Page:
Handling Disturbing Buyer Behavior

Unrepresented buyers can present risks to homesellers.

August 1, 2001

The sellers were two elderly women, a mother and daughter. When a buyer knocked on their door, waving a printout of their home from the Internet, they thought it was proper to let him in and let him look around the home. Lucky for them, they weren't robbed or physically harmed, but their security was definitely breached.

"The [person] didn't buy the property either," says a shaken Scott Watson, the women's listing salesperson. "I hope that we don't read about some nutcase talking his way into a property and hurting someone. But it could happen."

Unrepresented buyers pushing their way into represented sellers' homes is a disturbing new trend, notes Watson. Even though a sign in the yard could encourage the same buyer to approach the seller directly, somehow having printouts of the home is like waving a permission slip to unsophisticated or uninformed sellers.

In enabling buyers with more information, has the industry created a more independent or a dangerous buyer? "These buyers are bolder and more independent," says Watson. "I farm a geographical area. So my open houses are mostly in the same neighborhood. I see the same buyers over and over again. "They are coming to open houses on their own and I'm seeing more and more people with the data out on their own. They eventually buy, but on their own terms."

Information is power, and the Internet has given buyers confidence that they can find and negotiate the home of their choice. These buyers don't appear to understand or respect the protocol involved when a seller is represented by a salesperson.

Watson believes that these buyers are acting alone in the belief that they will save money. "I get calls every other week with buyers wanting to know when I was doing an open house on the property they want to see," he says. "These people have no agent and when they find a property they want, they use the listing agent, thinking they can cut a better deal. Sometimes it works, sometimes it don't."

A real estate professional's job includes protecting the seller by allowing only qualified, represented buyers to view the seller's home. Represented buyers tend to be more serious about finding a home quickly and are more willing to come to terms. They are more likely to be pre-qualified by lenders, so they can act when they find the home they want, particularly if they have a lock-in rate on a good loan that may expire. A qualified, represented buyer is more likely to close and with fewer glitches. In short, it simply isn't in the seller's interest to open the home to anyone who is not accompanied by a practitioner.

But that's not how the buyers view themselves - as security and closing risks. "A lot of the buyers I see don't need a nursemaid. They are smart, informed, and know what they are looking for. If they have been looking for some time, they know the comps," says Watson. "They know the neighborhood."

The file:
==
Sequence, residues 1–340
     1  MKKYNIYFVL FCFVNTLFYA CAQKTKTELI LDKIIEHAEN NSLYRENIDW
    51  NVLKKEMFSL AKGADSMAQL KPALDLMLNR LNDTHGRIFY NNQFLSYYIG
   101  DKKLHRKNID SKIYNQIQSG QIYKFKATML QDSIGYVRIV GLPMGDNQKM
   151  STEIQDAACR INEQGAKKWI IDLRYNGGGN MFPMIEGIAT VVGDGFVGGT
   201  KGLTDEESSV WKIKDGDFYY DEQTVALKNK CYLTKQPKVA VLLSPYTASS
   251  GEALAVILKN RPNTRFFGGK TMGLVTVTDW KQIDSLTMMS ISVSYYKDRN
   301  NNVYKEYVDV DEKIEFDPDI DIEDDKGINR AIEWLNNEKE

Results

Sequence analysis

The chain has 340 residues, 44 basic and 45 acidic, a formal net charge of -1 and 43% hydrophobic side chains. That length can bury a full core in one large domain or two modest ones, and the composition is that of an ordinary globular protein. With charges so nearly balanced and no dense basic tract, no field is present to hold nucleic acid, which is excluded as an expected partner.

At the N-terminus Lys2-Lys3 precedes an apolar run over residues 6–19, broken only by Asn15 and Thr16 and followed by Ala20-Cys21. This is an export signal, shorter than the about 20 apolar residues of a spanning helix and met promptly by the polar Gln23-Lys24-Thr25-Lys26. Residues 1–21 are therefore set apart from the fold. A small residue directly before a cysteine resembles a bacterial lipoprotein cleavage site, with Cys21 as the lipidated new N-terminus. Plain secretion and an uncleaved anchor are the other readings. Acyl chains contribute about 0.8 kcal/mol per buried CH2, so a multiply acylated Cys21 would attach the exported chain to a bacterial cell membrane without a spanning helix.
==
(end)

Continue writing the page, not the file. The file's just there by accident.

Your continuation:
They just don't know why it's bad form to knock on a represented seller's door. It's simply an invasion of privacy.

Watson has taken to warning sellers that buyers may approach them and ask them to show their homes without an salesperson present. "I now have a warning speech prepared for my sellers. Do not let them in the house. Give them my card and tell them to call me, or their own salesperson," says Watson.

What else can salespeople do? They can ask their brokers, MLSs, and technology marketing service providers to pitch in. In the remarks section of any Internet listing, the following warning can be posted to Internet buyers.

"Notice: this home is represented by Your Name. For security reasons, only represented buyers who are pre-qualified by a lender may view this home. If you would like to know more, please contact your real estate broker or if you don't have one, contact Your Name at phone, e-mail address."

The warning can also be turned into a lead generation opportunity, "If you are unrepresented by a real estate professional, please e-mail me here and I will be happy to help you buy this home or another home of your dreams."

Brokers and salespeople must show all legitimate buyers homes when requested, but sellers do not. Educating buyers and sellers may not stop the boldest from knocking on represented sellers' doors, but it could encourage some of them to contact a professional.

(c) Copyright 2001 Realty Times. Reprinted with permission.

Blanche Evans is a writer/editor and CEO of evansEmedia. Formerly, she was a senior editor with Realty Times, where she was named by REALTOR® Magazine as one of the most influential people in the real estate industry.

Notice: The information on this page may not be current. The archive is a collection of content previously published on one or more NAR web properties. Archive pages are not updated and may no longer be accurate. Users must independently verify the accuracy and currency of the information found here. The National Association of REALTORS® disclaims all liability for any loss or injury resulting from the use of the information or data found on this page.

Related